Collegiate Chorale to Present NY Premiere of David Lang's BATTLE HYMNS at the Intrepid, 5/15
The Collegiate Chorale announces the New York premiere of battle hymns on May 15, 2014 at 7:30pm at the Intrepid Sea, Air & Space Museum, Pier 86, 12th Ave. & 46th Street in New York, NY.
Regular General Admission tickets are $60 and Premium General Admission tickets are $125. Tickets are available by phone at 646-202-9623 or online at www.collegiatechorale.org.
A soldier's letter to his wife, a speech by Abraham Lincoln, lyrics to Stephen Foster parlor songs - these are the words of battle hymns, Pulitzer Prize-winning composer David Lang's innovative new choral exploration of the feelings of people in times of war. On May 15, 2014, The Collegiate Chorale will present the New York Premiere of this unusual and haunting work, performed within the cavernous Hangar Deck of the Intrepid Sea, Air & Space Museum, a setting rich in the remembrance of wars served.
Written for a symphonic chorus and one solo drum, battle hymns is ideally realized by the top-flight Collegiate Chorale, joined by members of the Veteran Artist Program. The Combined 200 voices will sing out in unison, counterpoint, and multi-layered polyphony, to create a unique acoustic encounter inside the walls of this hallowed aircraft carrier. Modern music merges with military memory - a one-of-a-kind experience.
Passionate, prolific, and complicated, composer David Lang embodies the restless spirit of invention. Lang is at the same time deeply versed in the classical tradition and committed to music that resists categorization, constantly creating new forms. Musical America's 2013 Composer of the Year and recipient of Carnegie Hall's Debs Composer's Chair for 2013-2014, Lang is one of America's most performed composers. Many of his works resemble each other only in the fierce intelligence and clarity of vision that inform their structures. His catalogue is extensive, and his opera, orchestra, chamber and solo works are by turns ominous, ethereal, urgent, hypnotic, unsettling and very emotionally direct. Much of his work seeks to expand the definition of virtuosity in music - even the deceptively simple pieces can be fiendishly difficult to play and require incredible concentration by musicians and audiences alike.
The mission of The Collegiate Chorale is to enrich its audiences through innovative programming and exceptional performances of a broad range of vocal music featuring a premier choral ensemble. Founded in 1941 by the legendary conductor Robert Shaw, The Chorale has established a preeminent reputation for its interpretations of the traditional choral repertoire, vocal works by American composers, and rarely heard operas-in-concert, as well as for commissions and premieres of new works by today's most exciting creative artists. The many guest artists with whom The Chorale has performed in recent years include: Stephanie Blythe, Victoria Clark, Nathan Gunn, Thomas Hampson, Angela Meade, Kelli O'Hara, Eric Owens, Rene Papé, Bryn Terfel and Deborah Voigt. Last season's highlights included the critically acclaimed concert presentation of Bellini's Beatrice di Tenda, NY premieres of works by Philip Glass and Osvaldo Golijov, and a performance of Dallapiccola's Il Prigioniero with the NY Philharmonic and Alan Gilbert. In addition to The Chorale's presentations, the chorus performed in three programs during the American Symphony Orchestra's 2012-13 season, and returned for a sixth time to sing at the Verbier (Switzerland) Festival in the summer of 2013.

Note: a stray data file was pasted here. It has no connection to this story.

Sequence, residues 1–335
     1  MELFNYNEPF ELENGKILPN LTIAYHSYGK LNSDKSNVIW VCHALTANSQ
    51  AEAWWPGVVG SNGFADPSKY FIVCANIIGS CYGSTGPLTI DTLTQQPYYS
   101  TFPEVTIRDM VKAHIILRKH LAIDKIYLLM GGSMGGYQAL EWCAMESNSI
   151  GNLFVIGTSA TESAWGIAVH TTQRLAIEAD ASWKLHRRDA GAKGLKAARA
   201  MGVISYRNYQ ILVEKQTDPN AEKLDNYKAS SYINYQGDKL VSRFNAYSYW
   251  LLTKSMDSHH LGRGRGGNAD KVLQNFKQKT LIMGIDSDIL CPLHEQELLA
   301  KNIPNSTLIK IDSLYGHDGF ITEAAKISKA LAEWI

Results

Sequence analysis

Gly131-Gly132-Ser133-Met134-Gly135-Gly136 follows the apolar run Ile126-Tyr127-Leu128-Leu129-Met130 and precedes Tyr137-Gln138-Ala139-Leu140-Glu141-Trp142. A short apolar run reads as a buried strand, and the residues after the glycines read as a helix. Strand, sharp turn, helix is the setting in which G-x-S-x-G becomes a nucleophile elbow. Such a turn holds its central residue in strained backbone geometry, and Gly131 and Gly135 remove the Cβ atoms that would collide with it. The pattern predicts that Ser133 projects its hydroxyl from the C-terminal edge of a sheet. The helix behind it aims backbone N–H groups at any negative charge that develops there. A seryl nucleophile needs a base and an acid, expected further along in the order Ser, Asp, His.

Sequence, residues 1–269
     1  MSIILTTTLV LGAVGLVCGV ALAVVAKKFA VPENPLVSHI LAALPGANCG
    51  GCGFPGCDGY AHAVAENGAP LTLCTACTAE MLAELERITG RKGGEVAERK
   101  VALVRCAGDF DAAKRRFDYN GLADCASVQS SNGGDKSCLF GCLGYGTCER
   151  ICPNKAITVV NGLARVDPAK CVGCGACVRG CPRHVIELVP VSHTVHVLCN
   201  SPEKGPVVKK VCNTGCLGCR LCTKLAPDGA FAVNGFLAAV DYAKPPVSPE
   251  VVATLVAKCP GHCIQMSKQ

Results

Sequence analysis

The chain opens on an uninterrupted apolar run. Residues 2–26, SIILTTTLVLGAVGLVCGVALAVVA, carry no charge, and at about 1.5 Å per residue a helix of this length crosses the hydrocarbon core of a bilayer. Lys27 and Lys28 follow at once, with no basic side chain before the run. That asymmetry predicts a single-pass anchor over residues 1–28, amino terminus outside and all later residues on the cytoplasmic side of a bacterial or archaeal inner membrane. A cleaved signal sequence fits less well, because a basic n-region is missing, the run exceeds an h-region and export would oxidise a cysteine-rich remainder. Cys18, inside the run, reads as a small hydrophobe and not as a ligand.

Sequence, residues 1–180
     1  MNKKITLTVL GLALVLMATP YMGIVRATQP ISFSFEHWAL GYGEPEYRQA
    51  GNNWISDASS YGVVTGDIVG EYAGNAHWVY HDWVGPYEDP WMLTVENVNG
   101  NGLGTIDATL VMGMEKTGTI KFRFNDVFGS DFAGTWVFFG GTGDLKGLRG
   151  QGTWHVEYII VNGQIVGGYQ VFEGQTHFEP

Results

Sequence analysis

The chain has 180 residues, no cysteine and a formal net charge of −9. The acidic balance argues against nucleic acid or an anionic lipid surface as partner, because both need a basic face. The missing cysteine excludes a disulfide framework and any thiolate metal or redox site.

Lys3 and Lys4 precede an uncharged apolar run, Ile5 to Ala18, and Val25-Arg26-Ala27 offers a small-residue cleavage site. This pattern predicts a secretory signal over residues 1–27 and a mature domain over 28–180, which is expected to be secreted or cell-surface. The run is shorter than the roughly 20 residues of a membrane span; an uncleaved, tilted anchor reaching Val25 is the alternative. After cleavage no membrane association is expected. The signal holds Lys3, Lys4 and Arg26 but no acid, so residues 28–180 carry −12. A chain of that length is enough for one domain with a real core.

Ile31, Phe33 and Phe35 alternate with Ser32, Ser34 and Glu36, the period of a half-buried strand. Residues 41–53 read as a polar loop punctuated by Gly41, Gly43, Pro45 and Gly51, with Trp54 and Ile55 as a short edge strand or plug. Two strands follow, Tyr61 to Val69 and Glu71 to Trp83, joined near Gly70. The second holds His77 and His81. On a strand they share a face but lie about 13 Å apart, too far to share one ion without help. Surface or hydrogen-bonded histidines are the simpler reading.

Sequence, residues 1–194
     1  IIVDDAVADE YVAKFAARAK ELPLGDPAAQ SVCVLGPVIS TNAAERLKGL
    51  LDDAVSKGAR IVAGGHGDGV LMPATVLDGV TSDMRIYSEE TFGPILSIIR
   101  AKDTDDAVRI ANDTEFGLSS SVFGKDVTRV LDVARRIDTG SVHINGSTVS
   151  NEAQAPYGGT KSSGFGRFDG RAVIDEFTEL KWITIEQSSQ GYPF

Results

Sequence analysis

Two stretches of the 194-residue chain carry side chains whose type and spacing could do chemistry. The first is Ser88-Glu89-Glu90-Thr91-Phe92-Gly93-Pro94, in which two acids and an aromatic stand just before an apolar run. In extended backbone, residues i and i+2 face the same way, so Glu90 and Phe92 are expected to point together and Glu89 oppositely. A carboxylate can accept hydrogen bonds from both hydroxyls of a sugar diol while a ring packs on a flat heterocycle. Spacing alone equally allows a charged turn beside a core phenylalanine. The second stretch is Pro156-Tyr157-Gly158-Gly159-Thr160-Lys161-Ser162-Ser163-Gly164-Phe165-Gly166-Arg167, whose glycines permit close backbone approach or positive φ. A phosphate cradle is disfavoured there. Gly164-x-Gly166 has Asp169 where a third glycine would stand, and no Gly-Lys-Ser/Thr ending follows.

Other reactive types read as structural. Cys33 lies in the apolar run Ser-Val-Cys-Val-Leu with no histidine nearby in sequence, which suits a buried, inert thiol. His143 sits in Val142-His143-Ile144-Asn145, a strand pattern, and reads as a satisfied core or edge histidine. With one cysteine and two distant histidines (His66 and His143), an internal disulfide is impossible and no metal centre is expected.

James Bagwell was appointed Music Director of The Collegiate Chorale in 2009. In addition to conducting Chorale concerts at Carnegie Hall and throughout the city, he has also prepared The Collegiate Chorale for performances with the NY Philharmonic at Lincoln Center, at the Verbier Festival in Switzerland, and at the Salzburg Festival and throughout Israel with the Israel Philharmonic. He also serves as Principal Guest Conductor of the American Symphony Orchestra in New York. Since 2000, he has taught at Bard College, where he is Professor of Music and Chair of the Undergraduate Music Department, as well as Co-Director of the Graduate Program in Conducting, and has served as Director of Choruses for the Bard Music Festival since 2003. He is also chorus master for The Mostly Mozart Festival at Lincoln Center. He has trained choruses for a number of major American and international orchestras and worked with such noted conductors as Charles Dutoit, Manfred Honeck, Gianandrea Noseda, Gábor Takács-Nagy, Lorin Maazel, Esa-Pekka Salonen, Michael Tilson Thomas, Louis Langrée, Leon Botstein, Vladimir Ashkenazy, Raymond Leppard, James Conlon, Jesús López-Cobos, Erich Kunzel, Leon Fleischer, and Robert Shaw.